A required rate of 43 from three overs, and then 28 from two, would have been a tall order for top order batsmen. But Groenewald and Thomas kept up with the rate, leaving themselves 15 to get off the last over to be bowled by Claydon.
Thomas hit the first ball for four and followed it with a single. Groenewald hit another four in the air to the midwicket boundary, narrowly landing inside the rope, and it looked as if Somerset might pull it off. Groenewald and Thomas could only manage a single each off the next two balls, leaving Groenewald needing to hit a 3 to tie or 4 to win off the last ball.
This was a truly remarkable game of 50 over cricket.
Some 754 runs were scored in the day and yet again the Royal London Cup served up a last-ball thriller.
But however good a one-day team Kent are, after this game and two T20 fixtures, Somerset have now been on the receiving end of three defeats to the Canterbury side this year.
Somerset will reflect on how they allowed an opposition team – a division below them in the championship – to go from 166-5 to 383-7.
Billings does have one other List A 100 to his name – 143 off 113 balls against Derbyshire in 2012 and Tim Groenewald must be getting worried that the Kent keeper is saving his best form for their encounters.
But this innings was in another league. He dispatched Somerset’s attack to all corners and it seemed we had no answer on a flat pitch and fast outfield. It was a shame after we’d used the Trent Bridge wicket to good effect just two days before, restricting a strong Notts batting line-up to a near manageable total.
Again the positives from this game came from the fact that we put up a fight against the odds and didn’t capitulate as we had so often in 2013. The stronger Somerset mindset of 2014 was much in evidence during our innings on Thursday.
With only Trescothick and Hildreth falling in single figures, all of Somerset’s batsmen made a contribution and kept their side in the hunt until the final ball. It was an exciting, attacking approach to batting. Which very nearly paid off.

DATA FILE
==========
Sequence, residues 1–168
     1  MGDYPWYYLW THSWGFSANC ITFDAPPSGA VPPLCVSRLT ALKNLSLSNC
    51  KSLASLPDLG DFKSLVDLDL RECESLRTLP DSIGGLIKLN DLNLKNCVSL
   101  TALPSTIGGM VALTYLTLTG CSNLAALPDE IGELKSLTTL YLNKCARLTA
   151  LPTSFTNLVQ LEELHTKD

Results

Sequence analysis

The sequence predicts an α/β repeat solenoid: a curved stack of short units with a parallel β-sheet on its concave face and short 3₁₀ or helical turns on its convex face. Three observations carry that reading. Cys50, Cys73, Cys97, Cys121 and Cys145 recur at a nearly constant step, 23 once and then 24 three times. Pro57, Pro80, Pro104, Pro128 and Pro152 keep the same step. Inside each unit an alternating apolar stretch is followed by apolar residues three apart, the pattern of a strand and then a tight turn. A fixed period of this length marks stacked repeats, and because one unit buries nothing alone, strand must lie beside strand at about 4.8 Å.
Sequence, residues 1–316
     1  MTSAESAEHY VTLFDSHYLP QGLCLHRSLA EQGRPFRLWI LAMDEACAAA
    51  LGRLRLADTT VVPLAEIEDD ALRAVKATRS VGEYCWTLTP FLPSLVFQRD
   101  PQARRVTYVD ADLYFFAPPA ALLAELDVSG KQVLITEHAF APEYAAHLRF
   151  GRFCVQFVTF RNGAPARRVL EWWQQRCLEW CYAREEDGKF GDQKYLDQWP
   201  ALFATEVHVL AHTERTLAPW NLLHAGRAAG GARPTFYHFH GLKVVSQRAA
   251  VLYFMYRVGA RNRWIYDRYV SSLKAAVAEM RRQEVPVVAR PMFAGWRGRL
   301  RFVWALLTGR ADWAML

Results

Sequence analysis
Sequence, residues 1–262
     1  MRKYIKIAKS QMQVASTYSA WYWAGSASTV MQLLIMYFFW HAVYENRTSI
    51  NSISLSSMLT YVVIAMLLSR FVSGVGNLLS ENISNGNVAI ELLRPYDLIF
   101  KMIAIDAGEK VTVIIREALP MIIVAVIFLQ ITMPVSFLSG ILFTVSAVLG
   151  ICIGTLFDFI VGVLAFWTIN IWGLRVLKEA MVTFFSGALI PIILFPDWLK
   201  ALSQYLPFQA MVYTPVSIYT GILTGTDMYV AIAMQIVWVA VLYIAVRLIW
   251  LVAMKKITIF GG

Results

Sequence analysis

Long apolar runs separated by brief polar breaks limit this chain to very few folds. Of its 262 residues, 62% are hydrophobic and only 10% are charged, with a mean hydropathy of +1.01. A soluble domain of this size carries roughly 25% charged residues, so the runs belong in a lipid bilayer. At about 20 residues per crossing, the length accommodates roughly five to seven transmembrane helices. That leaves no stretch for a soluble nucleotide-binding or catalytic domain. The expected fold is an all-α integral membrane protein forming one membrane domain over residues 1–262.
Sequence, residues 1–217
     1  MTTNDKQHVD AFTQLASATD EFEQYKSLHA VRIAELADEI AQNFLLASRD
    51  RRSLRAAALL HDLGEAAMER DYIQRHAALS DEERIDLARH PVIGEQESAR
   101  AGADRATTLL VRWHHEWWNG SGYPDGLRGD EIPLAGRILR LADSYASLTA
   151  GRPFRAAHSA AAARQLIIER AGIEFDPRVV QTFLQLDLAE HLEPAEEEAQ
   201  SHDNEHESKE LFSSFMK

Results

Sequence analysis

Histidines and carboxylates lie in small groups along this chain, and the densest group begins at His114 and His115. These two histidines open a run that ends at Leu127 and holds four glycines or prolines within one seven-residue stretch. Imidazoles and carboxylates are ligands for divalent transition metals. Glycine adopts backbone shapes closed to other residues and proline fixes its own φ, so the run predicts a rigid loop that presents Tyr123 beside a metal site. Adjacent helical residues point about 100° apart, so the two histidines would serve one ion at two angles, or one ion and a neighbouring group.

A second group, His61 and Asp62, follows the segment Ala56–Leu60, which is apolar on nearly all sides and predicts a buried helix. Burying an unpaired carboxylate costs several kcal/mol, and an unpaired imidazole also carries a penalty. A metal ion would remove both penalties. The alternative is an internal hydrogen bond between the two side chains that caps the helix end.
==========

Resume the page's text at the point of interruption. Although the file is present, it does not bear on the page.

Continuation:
It’s worth noting that Kent’s run rate was (overall) 7.66 runs per over. Somerset, who finished on the losing side, had a run rate of 7.73.
Thanks Messrs Duckworth and Lewis…
Afterwards Marcus told the official club website how disappointed he was, but perhaps surprisingly attributed the defeat more to the fall of Somerset wickets than the Billings’ attack on Somerset’s bowlers.
He said: “I’m very disappointed right now to get so close but miss out by such a small margin. We knew it was always going to be close but we gave ourselves an opportunity but we probably lost too many wickets as we were going along that was the disappointing part. So close yet so far.
“They had two guys who got hundreds which was the difference while we got so close and everybody chipped in and played their part and put us into a winning position.
“However if you get two guys in and one scores 150 which is realistic then you are probably going to come out on top.
“It was nip and tuck into that last over and we got ourselves back into the game but we lost too many wickets.
“Billings played out of his skin which made it pretty tough for us in the field. It was a bit like facing Jos Buttler but being on the other side.”
Sam Billings told the BBC website: “That was one of the best games of cricket that I have ever played in.
“It was unbelievable stuff. I probably wouldn’t be saying that if Somerset had taken four off the last ball, but it just kept on ebbing and flowing right until the end.
“I had one of those days where you think you can hit every ball for six and thankfully for me it came off.
“I have come into a good bit of form and I just kept on going with it and it was a lot of fun.”
Somerset: ME Trescothick*, NRD Compton, PD Trego, CA Ingram, JC Hildreth, L Gregory, C Overton, AWR Barrow†, TD Gronewald, AC Thomas, MJ Leach
Kent Spitfires: D Bell-Drummond, S Northeast*, F Cowdrey, B Nash, D Stevens, S Billings†, A Blake, C Haggett, J Tredwell, M Claydon, D Bollinger